Across the UK there are 850,000 people with dementia, a number expected to increase to over 1 million by 2025. People who live with dementia show remarkable resilience. Their daily lives are still filled with personal stories, relationships and meaning. But with an aging population and no known cure, dementia is a challenge not just for those who face it every day, but for the healthcare system as a whole.
There is a need for more research on dementia, and for people who live with dementia to have a strong voice in that work. Dementia Citizens is a citizen science platform for dementia research that aims to address this need. We partnered with Nesta Health Lab and Department of Health to help define the initial focus of Dementia Citizens, and to then design, research and build a proof of concept.
Through the development of the proof of concept we wanted to answer some questions:
Dementia Citizens was a direct response to the prime minister’s challenge on dementia 2020, a nationwide initiative to support scientific advances in dementia. Part of this initiative was a call for breakthrough research from ‘citizen scientists’. The Department of Health brought us in to help them define what citizen science could look life for dementia, and to guide the Steering Committee along this process.
At its core, citizen science is where members of the public take part in scientific research. But this can take many different forms. It can range from citizens who run software on their computers, to citizens who share data and shape research questions with scientists. In the context of dementia, we identified a number of communities who could be involved, such as healthcare professionals, carers, and people with dementia themselves. We also recognised that citizen science could help improve dementia prevention, care or cure.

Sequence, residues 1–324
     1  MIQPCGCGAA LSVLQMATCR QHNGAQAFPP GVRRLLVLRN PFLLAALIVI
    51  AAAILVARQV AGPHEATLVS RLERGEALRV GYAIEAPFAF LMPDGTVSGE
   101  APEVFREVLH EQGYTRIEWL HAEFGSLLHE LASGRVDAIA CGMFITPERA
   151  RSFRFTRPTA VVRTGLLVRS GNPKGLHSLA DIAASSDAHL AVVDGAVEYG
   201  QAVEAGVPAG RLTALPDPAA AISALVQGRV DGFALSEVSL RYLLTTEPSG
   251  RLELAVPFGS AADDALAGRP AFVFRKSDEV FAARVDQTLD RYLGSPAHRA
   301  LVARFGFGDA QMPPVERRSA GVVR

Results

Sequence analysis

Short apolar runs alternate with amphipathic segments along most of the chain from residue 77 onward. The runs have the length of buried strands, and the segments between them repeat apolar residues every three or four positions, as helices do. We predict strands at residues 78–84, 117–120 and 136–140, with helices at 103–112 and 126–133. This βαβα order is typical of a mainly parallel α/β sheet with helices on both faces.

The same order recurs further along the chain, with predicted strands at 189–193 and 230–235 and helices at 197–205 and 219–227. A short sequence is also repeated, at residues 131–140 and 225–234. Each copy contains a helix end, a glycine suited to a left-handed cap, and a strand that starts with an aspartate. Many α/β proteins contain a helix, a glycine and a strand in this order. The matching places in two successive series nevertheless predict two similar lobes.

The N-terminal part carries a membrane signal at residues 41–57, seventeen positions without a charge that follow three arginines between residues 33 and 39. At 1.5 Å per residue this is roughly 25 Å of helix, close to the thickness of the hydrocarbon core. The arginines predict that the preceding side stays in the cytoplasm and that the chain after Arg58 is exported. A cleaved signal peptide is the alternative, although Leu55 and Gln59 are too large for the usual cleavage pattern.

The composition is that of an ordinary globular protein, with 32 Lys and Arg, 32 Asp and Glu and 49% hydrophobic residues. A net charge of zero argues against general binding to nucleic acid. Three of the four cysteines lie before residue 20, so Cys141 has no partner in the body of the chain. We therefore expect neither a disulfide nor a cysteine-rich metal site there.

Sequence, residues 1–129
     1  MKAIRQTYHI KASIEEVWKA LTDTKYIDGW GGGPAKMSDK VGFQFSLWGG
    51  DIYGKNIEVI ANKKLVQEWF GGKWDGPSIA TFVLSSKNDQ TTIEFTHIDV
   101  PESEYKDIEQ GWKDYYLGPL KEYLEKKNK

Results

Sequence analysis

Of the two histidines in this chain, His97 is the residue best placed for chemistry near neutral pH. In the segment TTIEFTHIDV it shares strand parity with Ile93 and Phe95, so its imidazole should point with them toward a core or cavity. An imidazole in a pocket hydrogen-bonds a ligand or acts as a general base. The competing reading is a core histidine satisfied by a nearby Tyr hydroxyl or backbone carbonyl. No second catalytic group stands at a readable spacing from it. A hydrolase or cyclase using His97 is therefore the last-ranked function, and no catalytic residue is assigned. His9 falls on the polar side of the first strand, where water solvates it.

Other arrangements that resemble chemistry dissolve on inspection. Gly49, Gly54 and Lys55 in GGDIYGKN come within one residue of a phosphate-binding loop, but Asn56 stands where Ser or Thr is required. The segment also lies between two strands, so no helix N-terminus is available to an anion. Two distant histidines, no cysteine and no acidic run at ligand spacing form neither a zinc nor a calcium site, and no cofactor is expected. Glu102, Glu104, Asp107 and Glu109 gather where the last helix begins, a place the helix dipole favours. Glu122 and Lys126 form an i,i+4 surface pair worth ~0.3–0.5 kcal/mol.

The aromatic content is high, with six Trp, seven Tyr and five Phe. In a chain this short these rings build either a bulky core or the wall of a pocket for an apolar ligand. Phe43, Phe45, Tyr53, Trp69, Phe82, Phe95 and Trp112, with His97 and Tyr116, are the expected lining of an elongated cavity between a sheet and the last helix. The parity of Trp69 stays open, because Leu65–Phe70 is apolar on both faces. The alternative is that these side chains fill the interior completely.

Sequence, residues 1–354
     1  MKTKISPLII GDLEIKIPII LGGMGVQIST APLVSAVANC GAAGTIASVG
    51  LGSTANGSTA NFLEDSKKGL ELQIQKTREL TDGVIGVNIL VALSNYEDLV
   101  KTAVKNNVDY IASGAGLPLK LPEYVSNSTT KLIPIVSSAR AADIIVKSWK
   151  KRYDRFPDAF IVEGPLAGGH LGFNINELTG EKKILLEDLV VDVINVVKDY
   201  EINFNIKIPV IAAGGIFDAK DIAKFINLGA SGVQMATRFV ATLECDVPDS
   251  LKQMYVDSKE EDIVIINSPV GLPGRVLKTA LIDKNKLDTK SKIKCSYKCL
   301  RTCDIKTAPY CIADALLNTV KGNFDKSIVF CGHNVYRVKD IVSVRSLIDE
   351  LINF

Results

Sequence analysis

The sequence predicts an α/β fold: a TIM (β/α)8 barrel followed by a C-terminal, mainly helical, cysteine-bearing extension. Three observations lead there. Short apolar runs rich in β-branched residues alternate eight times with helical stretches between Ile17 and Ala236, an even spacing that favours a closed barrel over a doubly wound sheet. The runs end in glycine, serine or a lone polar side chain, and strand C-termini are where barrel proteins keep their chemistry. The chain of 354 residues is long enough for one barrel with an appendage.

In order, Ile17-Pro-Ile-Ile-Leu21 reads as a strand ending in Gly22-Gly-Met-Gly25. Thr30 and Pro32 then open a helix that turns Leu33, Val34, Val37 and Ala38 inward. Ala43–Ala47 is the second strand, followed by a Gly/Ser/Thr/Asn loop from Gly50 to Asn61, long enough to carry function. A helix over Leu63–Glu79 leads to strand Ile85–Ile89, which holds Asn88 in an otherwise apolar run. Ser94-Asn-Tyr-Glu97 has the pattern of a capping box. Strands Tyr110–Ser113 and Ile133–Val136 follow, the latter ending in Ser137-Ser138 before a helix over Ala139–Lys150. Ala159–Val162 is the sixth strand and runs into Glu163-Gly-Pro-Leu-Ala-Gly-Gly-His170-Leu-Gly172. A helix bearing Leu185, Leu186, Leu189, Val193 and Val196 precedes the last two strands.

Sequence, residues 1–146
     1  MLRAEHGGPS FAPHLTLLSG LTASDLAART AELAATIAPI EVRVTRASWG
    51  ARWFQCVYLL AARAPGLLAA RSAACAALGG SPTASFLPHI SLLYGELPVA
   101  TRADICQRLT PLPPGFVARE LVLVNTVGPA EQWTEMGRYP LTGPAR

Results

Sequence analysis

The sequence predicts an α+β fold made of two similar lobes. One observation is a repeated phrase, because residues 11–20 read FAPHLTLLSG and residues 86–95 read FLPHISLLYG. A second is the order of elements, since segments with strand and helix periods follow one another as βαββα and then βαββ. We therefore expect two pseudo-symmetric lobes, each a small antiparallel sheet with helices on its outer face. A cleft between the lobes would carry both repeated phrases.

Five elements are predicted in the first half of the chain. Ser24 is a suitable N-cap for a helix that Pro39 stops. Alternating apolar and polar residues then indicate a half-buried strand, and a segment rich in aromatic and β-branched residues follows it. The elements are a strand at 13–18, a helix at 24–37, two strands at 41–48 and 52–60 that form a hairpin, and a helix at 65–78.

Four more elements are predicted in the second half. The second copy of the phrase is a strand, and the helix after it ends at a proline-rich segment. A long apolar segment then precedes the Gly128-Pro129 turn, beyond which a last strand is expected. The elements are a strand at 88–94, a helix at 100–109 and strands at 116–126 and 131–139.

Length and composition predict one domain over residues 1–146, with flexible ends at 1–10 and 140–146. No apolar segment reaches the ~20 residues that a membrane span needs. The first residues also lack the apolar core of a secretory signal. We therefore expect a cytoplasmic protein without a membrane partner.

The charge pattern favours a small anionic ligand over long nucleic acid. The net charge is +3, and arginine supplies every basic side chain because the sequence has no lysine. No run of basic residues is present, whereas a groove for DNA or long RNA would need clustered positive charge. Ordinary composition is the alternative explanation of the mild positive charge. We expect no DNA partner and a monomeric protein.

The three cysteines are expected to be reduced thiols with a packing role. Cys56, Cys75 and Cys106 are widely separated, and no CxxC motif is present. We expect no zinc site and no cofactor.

To establish the best approach, we created a blueprint of a platform for citizen science in dementia. We shared it with academic researchers across the UK in a series of conversations. This led us to propose a citizen science platform with a focus on research on dementia care in the informal care environment. We brought our ideas to the Steering Committee across the process, and led the group in collaborative decision-making at each stage. The outcome was the concept for Dementia Citizens with a shortlist of academic partners.
Dementia Citizens is a platform that connects people affected by dementia with researchers. People with dementia and their carers can go to the Dementia Citizens website and sign up to take part. Once they’ve signed up they can download a Dementia Citizens app. Each app is a research study that tests a different hypothesis about dementia care. For example, the study app Playlist for Life tests the hypothesis that playing personally meaningful music improves wellbeing and quality of life for people with dementia and their carers. In this way, each study app lets people with dementia and their carers try out an activity and track its impact on their lives.
With this approach Dementia Citizens aims to: